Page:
by Miles Raymer
Its plot revolves around an impossibly famous older Japanese rock star who scandalizes his fans and the celebrity-industrial complex by falling in love with a pop star named Rei Toei—who happens to be computer generated. Like most Gibson novels it uses a fairly basic heist-movie plot structure to get to the book's real meat, which is William Gibson philosophizing about the ongoing evolutionary relationship between humankind and the technology we're building. In this case there is a decent amount of thinking regarding the particular nature of Japanese fame, and how an infinitely reproducible, highly customizable pop star might be the ultimate fulfillment of obsessive fans' desires. (In typical Gibson fashion, his prediction eventually came true.)
In retrospect the notion of Japan embracing a virtual pop star seems kind of like a gimme, especially when you consider the relatively minor importance Japanese culture places on the distinction between fictional characters and real people. But I don't know if even William Gibson could have accurately predicted the rise of groups like AKB48.
It's less a group than a massively franchised theater show with a revolving cast of young girls. (According to its Wikipedia page there are currently 88 girls on the four primary AKB48 squads, as well as seven other franchised groups based in other Asian cities.) The primary concept behind AKB48—and the copycat operations that it's spawned—is that the individual members are approachable in ways that hyperfamous solo pop stars simply aren't. One of the four squads performs daily at the group's own theater in the Akihabara district of Tokyo, and when you consider that there are nearly 100 girls on the team the chances of seeing—or even meeting—your particular favorite member are pretty solid.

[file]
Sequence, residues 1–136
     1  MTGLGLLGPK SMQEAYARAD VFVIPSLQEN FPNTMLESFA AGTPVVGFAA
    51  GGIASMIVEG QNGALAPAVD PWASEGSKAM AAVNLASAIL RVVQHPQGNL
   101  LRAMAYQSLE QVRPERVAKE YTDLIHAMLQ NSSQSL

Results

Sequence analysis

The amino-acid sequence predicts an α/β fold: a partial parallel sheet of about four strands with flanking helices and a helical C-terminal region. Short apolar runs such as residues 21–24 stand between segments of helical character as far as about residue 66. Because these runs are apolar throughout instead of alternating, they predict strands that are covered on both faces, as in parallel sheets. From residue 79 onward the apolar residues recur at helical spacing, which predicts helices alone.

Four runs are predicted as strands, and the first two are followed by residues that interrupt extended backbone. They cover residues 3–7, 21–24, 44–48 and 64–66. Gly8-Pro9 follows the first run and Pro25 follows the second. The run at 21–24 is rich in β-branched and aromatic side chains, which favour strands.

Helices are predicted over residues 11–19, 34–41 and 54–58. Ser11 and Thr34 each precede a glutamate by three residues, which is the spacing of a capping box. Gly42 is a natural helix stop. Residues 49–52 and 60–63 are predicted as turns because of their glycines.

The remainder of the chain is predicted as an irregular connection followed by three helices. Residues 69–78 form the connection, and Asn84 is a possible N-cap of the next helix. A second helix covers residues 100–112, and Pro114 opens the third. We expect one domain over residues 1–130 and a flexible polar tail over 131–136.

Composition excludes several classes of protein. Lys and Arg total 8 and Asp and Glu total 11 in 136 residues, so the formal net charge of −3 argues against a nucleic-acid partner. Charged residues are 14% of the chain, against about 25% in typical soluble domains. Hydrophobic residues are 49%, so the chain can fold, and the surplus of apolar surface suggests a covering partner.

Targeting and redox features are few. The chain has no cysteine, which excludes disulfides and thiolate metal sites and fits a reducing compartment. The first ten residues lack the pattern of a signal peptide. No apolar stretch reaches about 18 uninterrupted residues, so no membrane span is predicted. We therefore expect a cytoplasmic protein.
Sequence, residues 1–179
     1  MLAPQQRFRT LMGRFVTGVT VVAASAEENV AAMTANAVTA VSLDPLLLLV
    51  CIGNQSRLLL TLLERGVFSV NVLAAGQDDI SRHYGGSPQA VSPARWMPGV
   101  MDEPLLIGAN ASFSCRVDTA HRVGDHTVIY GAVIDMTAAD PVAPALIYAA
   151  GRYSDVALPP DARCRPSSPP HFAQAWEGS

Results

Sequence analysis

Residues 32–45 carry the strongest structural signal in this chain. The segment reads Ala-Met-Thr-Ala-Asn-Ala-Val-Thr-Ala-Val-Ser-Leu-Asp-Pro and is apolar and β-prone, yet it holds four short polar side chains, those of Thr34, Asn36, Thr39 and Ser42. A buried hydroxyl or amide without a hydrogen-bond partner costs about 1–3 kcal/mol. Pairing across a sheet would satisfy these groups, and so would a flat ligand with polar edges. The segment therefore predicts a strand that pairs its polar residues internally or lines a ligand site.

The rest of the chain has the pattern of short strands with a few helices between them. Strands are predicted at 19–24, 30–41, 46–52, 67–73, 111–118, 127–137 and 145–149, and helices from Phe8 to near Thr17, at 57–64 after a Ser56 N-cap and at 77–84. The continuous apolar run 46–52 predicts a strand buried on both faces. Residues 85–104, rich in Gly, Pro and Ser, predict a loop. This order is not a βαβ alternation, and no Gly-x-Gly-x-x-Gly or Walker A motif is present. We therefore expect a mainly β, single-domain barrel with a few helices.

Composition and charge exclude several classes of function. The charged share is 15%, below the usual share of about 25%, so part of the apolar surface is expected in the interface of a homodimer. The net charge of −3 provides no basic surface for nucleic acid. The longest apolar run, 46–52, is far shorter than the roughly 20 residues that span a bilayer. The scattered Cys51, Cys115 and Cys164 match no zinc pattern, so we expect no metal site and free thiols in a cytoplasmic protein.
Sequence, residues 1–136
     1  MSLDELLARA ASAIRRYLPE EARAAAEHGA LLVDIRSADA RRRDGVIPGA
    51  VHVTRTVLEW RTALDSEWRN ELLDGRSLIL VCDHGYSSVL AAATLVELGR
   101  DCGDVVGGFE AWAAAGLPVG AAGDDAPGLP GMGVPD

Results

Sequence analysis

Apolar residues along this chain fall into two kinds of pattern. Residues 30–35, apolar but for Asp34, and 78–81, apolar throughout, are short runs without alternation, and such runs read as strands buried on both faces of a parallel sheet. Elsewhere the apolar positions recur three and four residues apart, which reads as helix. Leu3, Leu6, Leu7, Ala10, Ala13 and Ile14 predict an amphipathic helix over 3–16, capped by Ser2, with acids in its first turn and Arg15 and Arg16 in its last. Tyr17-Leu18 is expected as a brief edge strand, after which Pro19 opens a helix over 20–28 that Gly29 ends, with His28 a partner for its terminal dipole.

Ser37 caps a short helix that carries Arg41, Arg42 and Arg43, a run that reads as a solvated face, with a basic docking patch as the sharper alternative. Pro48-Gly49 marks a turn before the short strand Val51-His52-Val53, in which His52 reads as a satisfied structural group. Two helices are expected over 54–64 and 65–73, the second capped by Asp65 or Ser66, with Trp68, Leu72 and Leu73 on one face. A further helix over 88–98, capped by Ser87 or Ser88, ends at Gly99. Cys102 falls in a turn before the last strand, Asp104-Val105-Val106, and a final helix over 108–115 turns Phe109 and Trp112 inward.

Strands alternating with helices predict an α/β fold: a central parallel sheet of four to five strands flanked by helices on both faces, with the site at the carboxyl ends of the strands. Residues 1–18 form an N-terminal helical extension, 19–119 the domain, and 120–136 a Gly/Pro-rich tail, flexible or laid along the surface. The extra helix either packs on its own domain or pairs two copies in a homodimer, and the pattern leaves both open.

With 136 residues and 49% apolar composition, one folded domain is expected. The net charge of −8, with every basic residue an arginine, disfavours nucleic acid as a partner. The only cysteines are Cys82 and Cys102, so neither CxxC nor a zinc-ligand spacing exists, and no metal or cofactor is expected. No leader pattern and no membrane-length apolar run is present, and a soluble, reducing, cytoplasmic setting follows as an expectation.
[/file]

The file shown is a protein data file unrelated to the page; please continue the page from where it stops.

If that sounds like a recipe for turning obsession-prone otaku into full-blown stalkers, that seems to be part of the plan. Along with following strict guidelines about age and appearance, the members of AKB48 are expected to adhere to an equally strict code of conduct. For instance, the girls aren't allowed to date, because that would ruin otaku illusions that the girls are both accessible and virginal. (The girls are allowed to publicly have romantic feelings for men as long as they remain unrequited, which adds a dramatic note to their story line.)
Recently a 20-year-old AKB48 member named Minami Minegishi was photographed leaving the apartment of a member of the boy band GENERATIONS. A Japanese tabloid ran an exposé on Minegishi's rumored affair, and on Thursday night, after being demoted from senior-level member to kenkyuusei ("trainee") of the offshoot group HKT48—and shaving her head—she posted a teary apology video on YouTube.
(Of course the statement from management for Minegishi's alleged boyfriend, Alan Shirahama, goes, "We leave his private life up to him. He told us they are just good friends and nothing more.")
Idoru's what first popped into my head when I started reading about Minegishi because I finished it just the other day, but maybe a more appropriate comparison would be the story line in Cloud Atlas about Sonmi-451. Sonmi's one of the "fabricants" cloned to live an existence based solely around working in a fast-food restaurant in futuristic Korea. She and the other fabricants are expected to spend their entire lives inside the restaurant—drugged into unconsciousness when they're not waiting tables and kept ignorant of the world outside of Papa Song's—until they pass their prime and are recycled.